Mehdi Belhaj Kacem | Tomb for Guy Debord

Guy Debord was the avant-garde’s Christ. Guy Debord was the avant-garde’s Christ. He was immolated by his own ideology, which he more than anyone (Tzara, Duchamp, Artaud, the Viennese Actionists…) had pushed to its extremes. He covered all of its possibilities, all of its impasses. His extreme attempts were neither successes, nor failures. Today, his path should be evaluated through other methods: the ones left to us in the wake of the avant-garde’s disappearance. To put it as Reiner Schürmann does: truth is a “conflictuality without agreements.” It is within Debord’s insurmountable contradictions, whose political, aesthetic, and existential preoccupations were…

UNE INSULTE À LA REPUBLIQUE: AIMÉ CÉSAIRE AND FRIEDRICH HÖLDERLIN …

UNE INSULTE À LA RÉPUBLIQUE: AIMÉ  CÉSAIRE AND FRIEDRICH HÖLDERLIN DECLARE THE FRENCH REVOLUTION A TRAGEDY, VOW TO SUPPORT #GILETSJAUNES MOVEMENT INSTEAD | by H. Bolin I. Introduction The study that follows concerns two tragic plays that treat the emergence and aftermath of a single global revolutionary horizon which included both the French and the Haitian revolutions. As the tragic genre suggests, Friedrich Hölderlin’s The Death of Empedocles (1799) and Aime Césaire’s And the Dogs Were Silent (1956) stage reflections on the initial successes and subsequent defeat of their respective revolutionary moments. What can tragedy or art offer to thinking…

Sophie Wahnich | IN DEFENCE OF TERROR: Liberty or Death in the French Revolution

I want never to forget how I was forced to become — for how long? — a monster of justice and intolerance, a narrow-minded simplifier, an arctic character uninterested in anyone who was not in league with him to kill the dogs of hell. — René Char   Provocative reassessment of the Great Terror as a price worth paying For two hundred years after the French Revolution, the Republican tradition celebrated the execution of princes and aristocrats, defending the Terror that the Revolution inflicted upon on its enemies. But recent decades have brought a marked change in sensibility. The Revolution…

Tiqqun | This Is Not a Program

“’77 wasn’t like ’68. ’68 was anti-establishment, ’77 was radically alternative. This is why the ‘official’ version portrays ’68 as good and ’77 as bad; in fact, ’68 was co-opted whereas ’77 was annihilated. This is why, unlike ’68, ’77 could never make for an easy object of celebration.”
— Nanni Balestrini, Primo Moroni, L’orda d’oro

Guy Debord and the Situationist International | Text and Documents [edited by Tom McDonough]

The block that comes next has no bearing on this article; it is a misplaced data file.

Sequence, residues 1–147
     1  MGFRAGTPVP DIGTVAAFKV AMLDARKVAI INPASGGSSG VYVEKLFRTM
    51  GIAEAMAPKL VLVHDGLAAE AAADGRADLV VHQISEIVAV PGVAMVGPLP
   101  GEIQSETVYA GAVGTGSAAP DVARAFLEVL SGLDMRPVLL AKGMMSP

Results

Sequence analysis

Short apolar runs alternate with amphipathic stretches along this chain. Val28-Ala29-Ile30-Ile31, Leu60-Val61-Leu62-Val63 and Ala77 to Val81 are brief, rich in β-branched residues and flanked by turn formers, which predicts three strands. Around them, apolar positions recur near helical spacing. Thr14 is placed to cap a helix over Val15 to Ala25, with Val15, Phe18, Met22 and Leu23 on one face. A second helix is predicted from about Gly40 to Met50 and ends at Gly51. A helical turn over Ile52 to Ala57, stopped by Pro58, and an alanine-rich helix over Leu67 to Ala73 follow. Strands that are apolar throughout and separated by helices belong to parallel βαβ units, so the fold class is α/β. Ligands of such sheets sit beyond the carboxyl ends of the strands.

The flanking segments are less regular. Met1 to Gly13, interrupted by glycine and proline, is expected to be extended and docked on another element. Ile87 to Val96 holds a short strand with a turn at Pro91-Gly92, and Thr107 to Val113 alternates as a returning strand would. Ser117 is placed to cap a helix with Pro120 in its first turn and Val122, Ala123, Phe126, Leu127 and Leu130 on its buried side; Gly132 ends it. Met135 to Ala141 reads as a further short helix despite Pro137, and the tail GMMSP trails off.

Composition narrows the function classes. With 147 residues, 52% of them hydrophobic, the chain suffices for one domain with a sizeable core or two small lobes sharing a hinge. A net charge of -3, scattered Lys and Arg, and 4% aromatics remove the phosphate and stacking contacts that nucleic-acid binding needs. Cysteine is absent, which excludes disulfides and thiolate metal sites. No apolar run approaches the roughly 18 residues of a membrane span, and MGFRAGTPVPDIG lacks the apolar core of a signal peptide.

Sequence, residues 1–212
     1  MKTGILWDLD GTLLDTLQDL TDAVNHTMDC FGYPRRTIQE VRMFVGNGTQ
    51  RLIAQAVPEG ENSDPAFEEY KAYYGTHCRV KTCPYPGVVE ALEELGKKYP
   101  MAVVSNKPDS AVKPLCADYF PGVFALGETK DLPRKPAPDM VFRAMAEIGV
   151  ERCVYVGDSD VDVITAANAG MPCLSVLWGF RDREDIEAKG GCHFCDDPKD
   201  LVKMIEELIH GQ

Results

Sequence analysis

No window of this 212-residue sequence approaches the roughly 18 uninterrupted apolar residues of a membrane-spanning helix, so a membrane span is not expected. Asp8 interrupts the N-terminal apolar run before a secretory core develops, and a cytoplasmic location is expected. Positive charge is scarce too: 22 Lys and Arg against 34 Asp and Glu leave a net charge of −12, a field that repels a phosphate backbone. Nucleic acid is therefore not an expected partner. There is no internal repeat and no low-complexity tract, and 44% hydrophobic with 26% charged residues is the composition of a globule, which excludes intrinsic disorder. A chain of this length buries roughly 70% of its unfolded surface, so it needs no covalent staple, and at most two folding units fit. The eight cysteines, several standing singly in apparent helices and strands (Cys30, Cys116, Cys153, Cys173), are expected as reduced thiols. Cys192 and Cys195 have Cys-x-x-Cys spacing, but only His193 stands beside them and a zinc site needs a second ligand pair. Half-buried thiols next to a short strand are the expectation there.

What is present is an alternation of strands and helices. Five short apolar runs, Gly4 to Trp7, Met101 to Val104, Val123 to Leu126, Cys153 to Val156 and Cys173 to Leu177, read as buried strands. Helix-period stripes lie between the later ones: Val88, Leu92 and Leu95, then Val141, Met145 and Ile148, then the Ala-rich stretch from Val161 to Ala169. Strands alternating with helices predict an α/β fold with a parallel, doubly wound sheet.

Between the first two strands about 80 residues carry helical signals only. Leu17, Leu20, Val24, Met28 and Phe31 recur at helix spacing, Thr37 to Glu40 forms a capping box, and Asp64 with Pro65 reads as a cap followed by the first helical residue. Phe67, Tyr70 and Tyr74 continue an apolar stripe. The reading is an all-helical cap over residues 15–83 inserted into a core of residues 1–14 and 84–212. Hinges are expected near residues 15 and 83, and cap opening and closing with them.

Guy Debord and the Situationist International Texts and Documents edited by Tom McDonough PDF Critical texts, translations, documents, and photographs on the work of the Situationist International This volume is a revised and expanded version of a special issue of the journal October (Winter 1997) that was devoted to the work of the Situationist International (SI). The first section of the issue contained previously unpublished critical texts, and the second section contained translations of primary texts that had previously been unavailable in English. The emphasis was on the SI’s profound engagement with the art and cultural politics of their time (1957-1972),…

Giorgio Agamben | Marginal Notes on Comments on the Society of the Spectacle

Giorgio Agamben | Marginal Notes on Comments on the Society of the Spectacle (2) PDF     The Uses of the Body [Prologue] by Giorgio Agamben It is curious how in Guy Debord a lucid awareness of the insufficiency of private life was accompanied by a more or less conscious conviction that there was, in his own existence or in that of his friends, something unique and exemplary, which demanded to be recorded and communicated. Already in Critique de la séparation, he thus evokes at a certain point as intransmissible “cette clandestinité de la vie privée sur laquelle on ne possède jamais…

Giorgio Agamben | The Coming Community

Giorgio Agamben | The Coming Community (3) PDF       Guy Debord Letters to Giorgio Agamben Champot, 24 August 1989 Dear Sir: Thanks for the press clippings that you transmitted to me. I am happy to learn that Italy, despite certain quite serious obstacles, is better informed than France and several other countries, which are still at the moment of “Nashist”-museographical falsifications, laughably inaugurated by the burlesque “Pompidou Center.” And most particularly because I myself have had the chance to learn much in Italy. I send you a very recent book to complete your intelligent documentation. Quite cordially, Guy Debord…